941-462-4807 meg@megyounglcsw.com

motivation Last week we spoke about how to make 2019 a great year. However, before we get to 2019, we have to get through 2018. Between Thanksgiving and the New Year can be a very difficult time for many people. There are a ton of mixed emotions and all you want is to look forward to a new year.
Unfortunately, when we bury our emotions or otherwise try to deny how we are feeling, it can make the feelings a whole lot worse when they either bubble to the surface or explode to the surface.
Living life denying and burying our feelings can seem like a good idea, especially in a world where we promote happiness and “coping skills” to deal with feelings we don’t want.
The problem with denying our feelings or pushing them away is the rebound effect. It can actually make the feelings worse. Not only can the feelings be worse, but there is a reason for each and every feeling we have and they are all appropriate at different times.
Whereas you might be trying to just get through the holidays and push down negative feelings, it is not the healthiest way to live. You can feel each emotion you have and still enjoy the Holidays as we get ready to welcome a new year.
With just a few tips to help you understand and accept whatever you are feeling, you have the potential to have a very happy Holiday Season before the excitement of the new year.
Keep reading for 3 tips for handling various emotions at the end of the year
The biggest problem of pushing down our emotions is the rebound effect. When we push down our feelings, they come back with significant power. We cannot hold our emotions forever. Often the rebound effect comes out as frustration or anger.
Frustration and anger are much easier to express and deal with than sadness and fear. Furthermore, anger is perceived by society as more acceptable than sadness and fear.
As stated above, we live in a world that promotes happiness. There is a perception that anger is ok (as long as it is expressed without hurting anyone), but sadness and fear are not. We see so many commercials daily about beautiful vacations or where it is so great to retire to. There are several television shows that show “real” people having a great time looking for a new house in a beautiful neighborhood.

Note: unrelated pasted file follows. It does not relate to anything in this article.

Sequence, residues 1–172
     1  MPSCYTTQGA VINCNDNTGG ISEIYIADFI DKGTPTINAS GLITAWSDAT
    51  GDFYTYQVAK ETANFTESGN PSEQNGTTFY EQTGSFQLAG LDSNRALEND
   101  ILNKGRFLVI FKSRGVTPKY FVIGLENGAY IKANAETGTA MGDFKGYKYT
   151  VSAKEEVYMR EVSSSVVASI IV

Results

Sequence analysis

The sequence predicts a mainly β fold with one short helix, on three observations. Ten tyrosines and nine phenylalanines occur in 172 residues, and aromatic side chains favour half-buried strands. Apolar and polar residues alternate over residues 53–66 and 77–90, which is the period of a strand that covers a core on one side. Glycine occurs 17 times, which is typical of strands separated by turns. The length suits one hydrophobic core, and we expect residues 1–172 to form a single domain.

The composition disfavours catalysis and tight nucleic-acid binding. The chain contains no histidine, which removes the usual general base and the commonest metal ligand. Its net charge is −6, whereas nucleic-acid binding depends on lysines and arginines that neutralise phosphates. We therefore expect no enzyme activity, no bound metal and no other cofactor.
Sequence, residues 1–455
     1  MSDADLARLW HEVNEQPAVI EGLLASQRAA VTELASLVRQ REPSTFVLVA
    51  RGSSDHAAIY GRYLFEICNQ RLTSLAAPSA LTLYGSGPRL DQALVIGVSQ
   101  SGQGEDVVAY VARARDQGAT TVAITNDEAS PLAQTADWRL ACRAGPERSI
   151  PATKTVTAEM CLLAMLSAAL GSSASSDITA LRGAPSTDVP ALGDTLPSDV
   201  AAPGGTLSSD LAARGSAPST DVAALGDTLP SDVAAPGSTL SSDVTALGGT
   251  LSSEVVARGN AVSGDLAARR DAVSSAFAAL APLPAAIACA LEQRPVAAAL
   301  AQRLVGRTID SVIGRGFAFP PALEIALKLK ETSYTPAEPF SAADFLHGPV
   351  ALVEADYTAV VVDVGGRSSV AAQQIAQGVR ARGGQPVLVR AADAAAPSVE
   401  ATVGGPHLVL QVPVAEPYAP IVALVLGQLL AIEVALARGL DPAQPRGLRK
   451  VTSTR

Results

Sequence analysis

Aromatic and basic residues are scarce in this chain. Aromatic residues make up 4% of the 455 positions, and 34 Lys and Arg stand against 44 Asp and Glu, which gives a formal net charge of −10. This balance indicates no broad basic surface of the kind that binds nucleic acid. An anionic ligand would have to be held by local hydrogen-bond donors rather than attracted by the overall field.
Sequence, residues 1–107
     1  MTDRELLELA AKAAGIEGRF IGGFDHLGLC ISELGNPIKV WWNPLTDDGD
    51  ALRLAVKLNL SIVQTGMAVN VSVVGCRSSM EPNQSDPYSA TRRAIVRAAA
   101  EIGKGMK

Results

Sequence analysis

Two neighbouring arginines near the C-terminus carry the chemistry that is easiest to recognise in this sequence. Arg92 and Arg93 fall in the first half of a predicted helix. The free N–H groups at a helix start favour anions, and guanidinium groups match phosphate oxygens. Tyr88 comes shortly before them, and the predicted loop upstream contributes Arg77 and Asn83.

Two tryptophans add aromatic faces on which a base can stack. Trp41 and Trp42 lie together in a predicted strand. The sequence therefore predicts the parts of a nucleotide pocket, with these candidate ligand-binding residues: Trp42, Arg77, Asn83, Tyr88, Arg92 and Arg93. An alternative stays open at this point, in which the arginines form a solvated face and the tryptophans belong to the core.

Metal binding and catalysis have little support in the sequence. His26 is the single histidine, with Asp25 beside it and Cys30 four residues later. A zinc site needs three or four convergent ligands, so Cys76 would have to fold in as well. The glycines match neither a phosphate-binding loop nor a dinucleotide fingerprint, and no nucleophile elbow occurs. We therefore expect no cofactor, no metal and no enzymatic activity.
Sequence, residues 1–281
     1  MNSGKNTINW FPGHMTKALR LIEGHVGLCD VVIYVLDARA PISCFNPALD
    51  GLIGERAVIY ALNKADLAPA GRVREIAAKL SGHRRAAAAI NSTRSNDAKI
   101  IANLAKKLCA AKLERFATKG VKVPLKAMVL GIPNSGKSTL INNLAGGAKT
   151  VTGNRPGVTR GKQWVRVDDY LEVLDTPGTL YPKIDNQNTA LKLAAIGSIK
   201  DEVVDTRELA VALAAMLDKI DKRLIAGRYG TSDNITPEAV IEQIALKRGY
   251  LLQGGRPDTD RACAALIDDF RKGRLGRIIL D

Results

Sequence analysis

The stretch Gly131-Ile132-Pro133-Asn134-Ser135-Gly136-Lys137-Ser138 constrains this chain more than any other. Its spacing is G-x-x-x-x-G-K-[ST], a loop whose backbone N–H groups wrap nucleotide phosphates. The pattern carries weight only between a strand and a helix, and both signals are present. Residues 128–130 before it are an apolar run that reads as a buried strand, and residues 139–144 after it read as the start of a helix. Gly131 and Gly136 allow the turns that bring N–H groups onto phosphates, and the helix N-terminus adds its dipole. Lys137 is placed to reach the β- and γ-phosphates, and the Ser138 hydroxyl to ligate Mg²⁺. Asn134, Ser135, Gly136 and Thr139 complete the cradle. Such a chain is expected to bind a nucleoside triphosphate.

Side note: Our brain takes in information and stores it for the future. One potential problem is it does not store experiences as “mine” and “yours.” So movies, tv shows, and news articles that show the bleak side of the world are stored in our minds just the same as if it happened to us.
On the other side of that, we look at all the wonderful things others have in life and imagine how beautiful life could be if we lived here, or went on that vacation, and think why can’t my family be that great together? With this in mind, we think about all our stressors and can start to feel down about not having what we want. The brain then stores that as a potential problem as well.
When we push down our emotions, pretending they don’t exist, we set ourselves up for a more difficult time going forward.
Sure right now you’re feeling confused and thinking that you already live with intention. You may also be thinking that you’ve gone this long burying emotions, why is it really that bad?
Our body and brain are one. When something is off with one part of the body, it affects the entire being. So when something is perceived as a problem in the brain, the body also feels it and vice versa.
You’ve probably heard by this time that stress is a major factor is increased blood pressure, heart problems, and even dental problems as people clench their teeth causing TMJ or broken teeth.
Why is ignoring emotions bad? Because our body will also react. We will end up with various medical problems on top of emotional problems. From here it can cause problems with relationships, work, leisure time, and more.
It may be obvious that ignoring feelings is not going to be helpful to us in the long run the more we think about it in terms of the entire being.
However, what does it take to not bury emotions when we’ve buried emotions for so long? Is there really anything that can be done to change what we’ve done for so long? Like the saying “you can’t teach an old dog new tricks” is it really possible to change a lifetime of doing the same behavior?
You must know that I am going to say yes to this! Not only am I going to say yes, but I am going to promise and guarantee that it is possible. With just a few tips, it is very possible to change behaviors that are unhelpful to us and live the life we really want to live, with intention and with balance.
Making these changes isn’t as hard as you think because we are not going to think of them as “coping” skills, but more as “lifestyle changes” and we are not going to go too far out of our comfort zone. If you have not read my blog about going out of your comfort zone, do so here. It provides some excellent information as to why changing a behavior is very difficult.